When college students need to cover the cost associated with getting their degree, many assume that student loans are always part of the financial aid package.
While many schools do include loans as a means of paying for their programs, there are also colleges that meet 100% financial need entirely loan-free.
This means your child can get their degree without student loans being part of the financial aid package. If your student is interested in exploring these options, here’s what you need to know.
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Financial need is the difference between the expected family contribution (EFC) calculation on your child’s FAFSA and the cost of tuition. The FAFSA takes information about your student’s and family’s financial situation and calculates what it deems is an affordable amount for your child to cover on their own.
Typically, the FAFSA reviews income, savings, specific investments, and similar financial factors to decide how much your student or family is expected to contribute to their education.
The exact amount of the EFC varies (at times dramatically) depending on your family’s unique circumstances. If your student has completed their FAFSA, the information on the assigned EFC is part of the result. If your child hasn’t finished the FAFSA, you can get an estimate using this handy calculator.
Your student’s financial need is determined by subtracting their EFC from the total cost of attending the school.
As an example, if your child’s EFC is $10,000, and the cost of tuition for a year is $30,000, that makes your student’s financial need $20,000.
How Colleges That Meet 100% Financial Need Work
At many schools, your child’s financial aid package will cover their remaining need through a combination of grants, scholarships, work-study options, and/or student loans, depending on their unique circumstances. However, with institutions that meet 100% financial need loan-free, student loans aren’t part of the package.
Instead, colleges that meet 100% financial aid without student loans only offer grants, scholarships, and work-study opportunities to cover the costs beyond your student’s EFC.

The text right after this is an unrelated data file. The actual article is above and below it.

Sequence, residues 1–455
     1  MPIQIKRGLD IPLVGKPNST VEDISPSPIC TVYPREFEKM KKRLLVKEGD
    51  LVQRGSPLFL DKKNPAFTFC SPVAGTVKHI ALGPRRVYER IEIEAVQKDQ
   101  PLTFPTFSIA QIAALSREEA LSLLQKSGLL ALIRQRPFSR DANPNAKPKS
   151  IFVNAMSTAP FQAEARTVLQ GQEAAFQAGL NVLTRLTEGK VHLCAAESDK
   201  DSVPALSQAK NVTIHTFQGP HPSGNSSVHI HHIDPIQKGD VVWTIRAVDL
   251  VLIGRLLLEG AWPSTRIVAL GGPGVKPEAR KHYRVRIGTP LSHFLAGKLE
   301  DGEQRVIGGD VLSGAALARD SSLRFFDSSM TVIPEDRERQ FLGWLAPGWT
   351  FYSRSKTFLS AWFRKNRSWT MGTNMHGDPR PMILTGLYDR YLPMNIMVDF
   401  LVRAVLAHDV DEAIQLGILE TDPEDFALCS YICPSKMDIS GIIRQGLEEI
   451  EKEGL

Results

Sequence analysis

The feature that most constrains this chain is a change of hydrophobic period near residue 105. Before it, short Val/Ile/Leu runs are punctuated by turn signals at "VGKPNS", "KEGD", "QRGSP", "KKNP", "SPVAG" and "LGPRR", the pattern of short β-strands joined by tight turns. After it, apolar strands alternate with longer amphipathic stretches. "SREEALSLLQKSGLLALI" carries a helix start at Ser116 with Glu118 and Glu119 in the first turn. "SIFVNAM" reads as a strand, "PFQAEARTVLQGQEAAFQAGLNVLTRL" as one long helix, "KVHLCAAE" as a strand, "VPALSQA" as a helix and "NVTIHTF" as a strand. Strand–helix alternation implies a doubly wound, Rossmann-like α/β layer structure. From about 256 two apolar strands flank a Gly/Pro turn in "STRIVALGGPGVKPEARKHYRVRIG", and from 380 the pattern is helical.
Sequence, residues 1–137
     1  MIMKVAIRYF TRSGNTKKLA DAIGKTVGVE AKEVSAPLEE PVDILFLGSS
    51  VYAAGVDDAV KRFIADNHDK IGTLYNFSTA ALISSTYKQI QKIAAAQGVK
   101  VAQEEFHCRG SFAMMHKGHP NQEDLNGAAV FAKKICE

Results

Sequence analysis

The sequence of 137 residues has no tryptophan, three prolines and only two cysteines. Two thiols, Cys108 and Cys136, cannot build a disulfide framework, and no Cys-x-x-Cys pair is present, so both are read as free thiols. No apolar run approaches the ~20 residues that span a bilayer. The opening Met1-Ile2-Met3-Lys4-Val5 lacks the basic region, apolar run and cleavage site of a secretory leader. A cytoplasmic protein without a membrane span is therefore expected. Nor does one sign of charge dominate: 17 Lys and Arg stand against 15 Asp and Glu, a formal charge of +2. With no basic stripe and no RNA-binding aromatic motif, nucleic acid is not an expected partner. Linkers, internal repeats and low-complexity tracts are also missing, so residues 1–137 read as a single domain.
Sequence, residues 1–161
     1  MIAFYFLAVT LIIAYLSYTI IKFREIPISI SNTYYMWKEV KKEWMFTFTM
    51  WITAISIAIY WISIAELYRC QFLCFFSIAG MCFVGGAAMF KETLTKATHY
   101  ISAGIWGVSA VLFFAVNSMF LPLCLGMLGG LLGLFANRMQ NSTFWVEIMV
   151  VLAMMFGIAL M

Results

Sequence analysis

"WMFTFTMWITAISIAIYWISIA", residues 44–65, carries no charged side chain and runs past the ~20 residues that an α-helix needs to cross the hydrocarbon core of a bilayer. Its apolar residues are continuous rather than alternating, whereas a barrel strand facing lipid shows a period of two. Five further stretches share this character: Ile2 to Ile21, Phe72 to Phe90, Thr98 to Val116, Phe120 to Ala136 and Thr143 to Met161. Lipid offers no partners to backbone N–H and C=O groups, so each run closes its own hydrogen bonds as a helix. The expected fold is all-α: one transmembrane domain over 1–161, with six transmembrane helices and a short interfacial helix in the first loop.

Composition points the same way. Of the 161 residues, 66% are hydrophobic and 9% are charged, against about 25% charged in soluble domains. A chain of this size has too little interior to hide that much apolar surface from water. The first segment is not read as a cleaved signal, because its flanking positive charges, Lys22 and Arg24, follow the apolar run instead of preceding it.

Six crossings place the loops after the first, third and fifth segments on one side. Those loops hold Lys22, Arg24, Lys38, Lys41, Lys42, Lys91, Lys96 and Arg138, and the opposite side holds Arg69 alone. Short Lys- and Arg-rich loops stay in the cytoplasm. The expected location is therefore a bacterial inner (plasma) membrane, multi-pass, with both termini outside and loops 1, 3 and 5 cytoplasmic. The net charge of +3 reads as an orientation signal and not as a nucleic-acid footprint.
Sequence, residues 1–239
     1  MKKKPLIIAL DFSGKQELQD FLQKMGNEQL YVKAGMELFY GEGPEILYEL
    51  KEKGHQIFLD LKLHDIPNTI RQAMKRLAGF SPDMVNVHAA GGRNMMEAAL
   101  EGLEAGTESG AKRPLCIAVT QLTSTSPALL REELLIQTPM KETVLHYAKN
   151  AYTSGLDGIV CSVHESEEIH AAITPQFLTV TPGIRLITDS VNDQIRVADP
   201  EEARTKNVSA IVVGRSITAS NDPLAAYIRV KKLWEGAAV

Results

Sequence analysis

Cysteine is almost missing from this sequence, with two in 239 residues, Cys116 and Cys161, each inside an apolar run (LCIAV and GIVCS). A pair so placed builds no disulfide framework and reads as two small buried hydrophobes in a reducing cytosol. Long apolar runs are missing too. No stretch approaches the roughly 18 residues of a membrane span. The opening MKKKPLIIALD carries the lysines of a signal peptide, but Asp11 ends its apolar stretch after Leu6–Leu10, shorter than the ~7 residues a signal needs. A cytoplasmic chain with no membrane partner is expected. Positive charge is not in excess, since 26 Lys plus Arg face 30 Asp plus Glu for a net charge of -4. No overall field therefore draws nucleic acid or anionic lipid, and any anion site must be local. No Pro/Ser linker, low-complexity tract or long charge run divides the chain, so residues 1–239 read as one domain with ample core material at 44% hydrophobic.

Using the example from above, this means your child’s financial aid package will be completely loan-free while still handling the $20,000 in financial need.
Now, this doesn’t mean your child can avoid loans entirely, depending on how they need to address the EFC amount. Colleges that meet 100% financial need have no control over the EFC (the remaining $10,000 from the example); that is entirely in your child’s or family’s hands.
Additionally, work-study is a common requirement in these programs. This means your student will be working part-time in exchange for the school covering their tuition. But, work-study can be a great opportunity, as most colleges strive to ensure that the work your student takes on it relevant to their future career, making it a powerful experience and resume builder.
It isn’t uncommon to wonder why a school would want to ensure that students can cover their financial need without student loans. However, the colleges do have a big incentive to offer these programs.
First, it gives them the ability to attract the best and brightest students, regardless of their and their family’s financial situation. It makes high-cost schools more competitive in the eyes of lower-income students because their education will be seen as more affordable.
Second, schools that meet 100% financial need may have an easier time when it comes to crafting a diverse student body. Since they are prepared to help students cover the remaining costs beyond the EFC without loans, they can have “need-blind” admissions, eliminating financial considerations from the admissions process.
Colleges that meet 100% financial need can provide equal access to a high-quality education, bridging the gap between students that come from low- and high-income households.
How Can Colleges That Meet 100% Financial Need Afford It?